Justice Nanavati became very ill and was admitted to a hospital. His condition had become very serious. Shri Nathji discovered that Nanavati was very ill and in hospital.
Immediately Shri Nathji went to the hospital to enquire after him and to give him his blessings.  There was a plate outside Nanavati’s room in the hospital: No visitors allowed.
Shri Nathji had brought flowers with him for his beloved devotee, and he asked the nurse to take them inside along with a handwritten note of blessings. Shri Nathji said he was content with sending these to Nanavati and he would leave if visitors were not allowed within.
However, the moment Justice Nanavati saw the note and received the flowers, he lit up with great joy. It was as if heaven had come down upon earth for him. Ignoring the orders of the doctor, Nanavati called Shri Nathji inside his room immediately.
He had tears in his eyes as he saw Shri Nathji. He was in acute physical suffering. He made an effort from his bed to touch Shri Nathji’s feet, but Shri Nathji restrained him.
Justice Nanavati, Shri Nathji said, would you want me to pray for your recovery?
No, said the sick man, in this suffering, I have begun to see the suffering of the world. I pray you to pray for the suffering of the world.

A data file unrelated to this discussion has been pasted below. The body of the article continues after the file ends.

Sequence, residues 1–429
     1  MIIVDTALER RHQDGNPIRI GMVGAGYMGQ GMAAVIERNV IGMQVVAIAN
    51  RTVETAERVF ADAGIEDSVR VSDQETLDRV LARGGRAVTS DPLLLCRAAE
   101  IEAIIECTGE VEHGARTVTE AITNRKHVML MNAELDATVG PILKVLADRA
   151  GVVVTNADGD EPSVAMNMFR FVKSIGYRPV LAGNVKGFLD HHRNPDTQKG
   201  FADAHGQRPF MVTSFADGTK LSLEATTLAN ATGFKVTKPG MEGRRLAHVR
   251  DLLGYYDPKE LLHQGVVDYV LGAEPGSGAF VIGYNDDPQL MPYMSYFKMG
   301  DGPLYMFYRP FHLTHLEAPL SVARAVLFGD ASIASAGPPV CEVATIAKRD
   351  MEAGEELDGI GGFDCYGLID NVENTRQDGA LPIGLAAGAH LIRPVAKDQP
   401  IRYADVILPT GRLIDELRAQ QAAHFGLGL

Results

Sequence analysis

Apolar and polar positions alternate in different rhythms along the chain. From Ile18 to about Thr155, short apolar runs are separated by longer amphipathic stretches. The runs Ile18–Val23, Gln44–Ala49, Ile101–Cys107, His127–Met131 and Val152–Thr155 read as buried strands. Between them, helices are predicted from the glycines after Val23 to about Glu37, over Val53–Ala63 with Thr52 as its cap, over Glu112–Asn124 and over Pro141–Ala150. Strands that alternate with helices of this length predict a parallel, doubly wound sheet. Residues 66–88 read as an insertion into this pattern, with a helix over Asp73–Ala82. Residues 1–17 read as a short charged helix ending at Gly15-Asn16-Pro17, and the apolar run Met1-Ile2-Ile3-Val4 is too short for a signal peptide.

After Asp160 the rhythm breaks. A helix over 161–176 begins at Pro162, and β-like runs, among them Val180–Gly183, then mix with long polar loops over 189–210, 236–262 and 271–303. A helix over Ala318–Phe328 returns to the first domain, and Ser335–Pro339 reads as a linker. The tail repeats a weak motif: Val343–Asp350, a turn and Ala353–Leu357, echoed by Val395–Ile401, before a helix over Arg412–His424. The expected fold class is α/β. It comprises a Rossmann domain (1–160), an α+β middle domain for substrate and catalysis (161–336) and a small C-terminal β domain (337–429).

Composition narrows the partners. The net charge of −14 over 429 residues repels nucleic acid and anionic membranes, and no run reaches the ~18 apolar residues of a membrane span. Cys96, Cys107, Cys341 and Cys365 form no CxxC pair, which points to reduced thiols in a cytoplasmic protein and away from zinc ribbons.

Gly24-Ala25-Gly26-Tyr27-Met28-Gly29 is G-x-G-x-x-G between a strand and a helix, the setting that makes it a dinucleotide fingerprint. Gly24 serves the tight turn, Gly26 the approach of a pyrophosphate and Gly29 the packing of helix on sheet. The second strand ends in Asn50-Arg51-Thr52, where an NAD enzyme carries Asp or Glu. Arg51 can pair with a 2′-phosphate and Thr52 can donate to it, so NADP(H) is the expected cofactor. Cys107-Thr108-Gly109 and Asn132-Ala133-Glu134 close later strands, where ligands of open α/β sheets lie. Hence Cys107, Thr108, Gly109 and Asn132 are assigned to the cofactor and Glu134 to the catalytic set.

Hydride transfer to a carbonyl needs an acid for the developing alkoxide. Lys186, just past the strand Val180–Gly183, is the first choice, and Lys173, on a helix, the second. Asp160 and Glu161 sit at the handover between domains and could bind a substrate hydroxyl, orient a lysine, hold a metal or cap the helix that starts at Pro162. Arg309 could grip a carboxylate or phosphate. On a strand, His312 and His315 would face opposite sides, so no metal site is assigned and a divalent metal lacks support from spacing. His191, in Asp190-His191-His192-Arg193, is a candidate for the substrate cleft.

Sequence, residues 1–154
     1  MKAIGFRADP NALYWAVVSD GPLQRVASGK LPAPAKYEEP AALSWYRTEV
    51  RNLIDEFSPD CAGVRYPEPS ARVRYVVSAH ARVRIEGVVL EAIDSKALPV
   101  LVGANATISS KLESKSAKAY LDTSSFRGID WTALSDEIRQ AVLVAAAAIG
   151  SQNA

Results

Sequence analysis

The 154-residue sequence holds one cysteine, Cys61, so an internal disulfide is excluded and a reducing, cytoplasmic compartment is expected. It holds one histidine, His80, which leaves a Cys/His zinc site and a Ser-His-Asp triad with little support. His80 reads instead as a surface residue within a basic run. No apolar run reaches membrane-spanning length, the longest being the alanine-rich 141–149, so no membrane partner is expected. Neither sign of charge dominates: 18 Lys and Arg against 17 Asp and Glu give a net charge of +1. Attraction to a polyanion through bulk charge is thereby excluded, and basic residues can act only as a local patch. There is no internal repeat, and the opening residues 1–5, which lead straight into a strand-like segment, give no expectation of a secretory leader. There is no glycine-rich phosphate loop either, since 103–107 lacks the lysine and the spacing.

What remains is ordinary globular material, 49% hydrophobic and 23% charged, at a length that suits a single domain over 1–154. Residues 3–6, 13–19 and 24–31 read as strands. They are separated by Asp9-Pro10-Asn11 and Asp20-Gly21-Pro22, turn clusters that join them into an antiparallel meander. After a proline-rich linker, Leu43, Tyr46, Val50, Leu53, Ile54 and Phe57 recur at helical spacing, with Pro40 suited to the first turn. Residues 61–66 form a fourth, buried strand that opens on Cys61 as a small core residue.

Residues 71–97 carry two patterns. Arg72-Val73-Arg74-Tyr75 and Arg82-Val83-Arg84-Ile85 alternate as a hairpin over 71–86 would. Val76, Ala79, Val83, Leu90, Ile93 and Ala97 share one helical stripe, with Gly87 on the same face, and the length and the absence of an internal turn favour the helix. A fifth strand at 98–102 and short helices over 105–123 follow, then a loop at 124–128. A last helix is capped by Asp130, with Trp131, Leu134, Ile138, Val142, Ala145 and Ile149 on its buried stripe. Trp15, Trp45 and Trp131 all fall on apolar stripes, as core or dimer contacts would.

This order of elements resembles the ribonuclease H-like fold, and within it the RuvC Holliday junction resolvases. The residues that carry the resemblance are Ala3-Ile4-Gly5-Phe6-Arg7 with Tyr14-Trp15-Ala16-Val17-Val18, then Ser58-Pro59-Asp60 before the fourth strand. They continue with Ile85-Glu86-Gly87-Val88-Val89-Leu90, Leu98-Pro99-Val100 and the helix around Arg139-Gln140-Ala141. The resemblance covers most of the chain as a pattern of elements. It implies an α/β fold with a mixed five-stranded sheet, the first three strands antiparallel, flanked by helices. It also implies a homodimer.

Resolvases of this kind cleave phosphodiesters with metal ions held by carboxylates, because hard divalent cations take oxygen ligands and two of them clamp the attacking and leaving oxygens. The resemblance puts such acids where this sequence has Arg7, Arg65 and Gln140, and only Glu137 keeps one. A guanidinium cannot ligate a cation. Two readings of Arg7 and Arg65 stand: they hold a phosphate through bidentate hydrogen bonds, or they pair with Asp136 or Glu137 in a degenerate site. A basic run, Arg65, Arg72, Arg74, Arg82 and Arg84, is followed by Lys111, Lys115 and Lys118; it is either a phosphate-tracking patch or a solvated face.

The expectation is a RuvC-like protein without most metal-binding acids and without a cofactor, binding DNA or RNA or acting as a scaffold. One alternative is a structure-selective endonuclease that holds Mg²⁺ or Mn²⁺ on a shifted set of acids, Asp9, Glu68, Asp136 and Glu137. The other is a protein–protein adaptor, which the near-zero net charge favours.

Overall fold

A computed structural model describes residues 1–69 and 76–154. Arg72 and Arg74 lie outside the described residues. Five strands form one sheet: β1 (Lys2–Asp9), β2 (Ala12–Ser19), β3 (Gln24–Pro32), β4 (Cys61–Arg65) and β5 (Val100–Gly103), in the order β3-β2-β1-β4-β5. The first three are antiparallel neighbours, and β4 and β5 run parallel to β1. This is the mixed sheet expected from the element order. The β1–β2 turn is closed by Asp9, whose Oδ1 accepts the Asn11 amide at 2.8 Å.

Shri Nathji said: Justice Nanavati, the prayers of a single man for the whole world may or may not be heard. But your gesture is magnificent. In your misery, you have seen the misery of the world. Look– Nanavati–the whole world prays for you! Surely such a collective prayer cannot go unheard.
A few days later there was a knock at Shri Nathji’s door at Bombay. Shri Nathji opened the door. It was Justice Nanavati. He had arisen from his sick-bed by a miracle.
When doctors had given up all hope, it was Shri Nathji’s miracle that raised the man from his deathbed.
Justice Nanavati, Shri Nathji said, It appears that God heard the prayers of the world for you.
He, who sees the sufferings of the world as his own and wishes for their removal, is granted salvation from his own suffer­ings by God, continued Shri Nathji.
Justice Nanavati had come up to Shri Nathji’s flat, which was on the third floor of Mayfair Building at Churchgate Bombay.
Why did you take the trouble? said Shri Nathji, it was a long climb.
It was no trouble, said Justice Nanavati, I came in two lifts – the one you had provided me with, as well as the lift in this building. It was my duty to pay my homage to you, and to thank you for your kindness.
Shri Nathji’s relationship with Justice Nanavati continued over the years. Justice Nanavati, being much older in age than Shri Nathji, had the fondness and affection of an elderly man for a younger person, and corresponded with him over the years, narrating his troubles and asking for Shri Nathji’s blessings, while at the same time being ever concerned for Shri Nathji’s welfare.
Shri Nathji too would write with the same degree of fondness and affection to Justice Nanavati, and even narrated the acute pain in his right arm at the time of the operation, like a young man writing to his elder. The relationship continued for many years up to the last moments of Justice Nanavati’s life.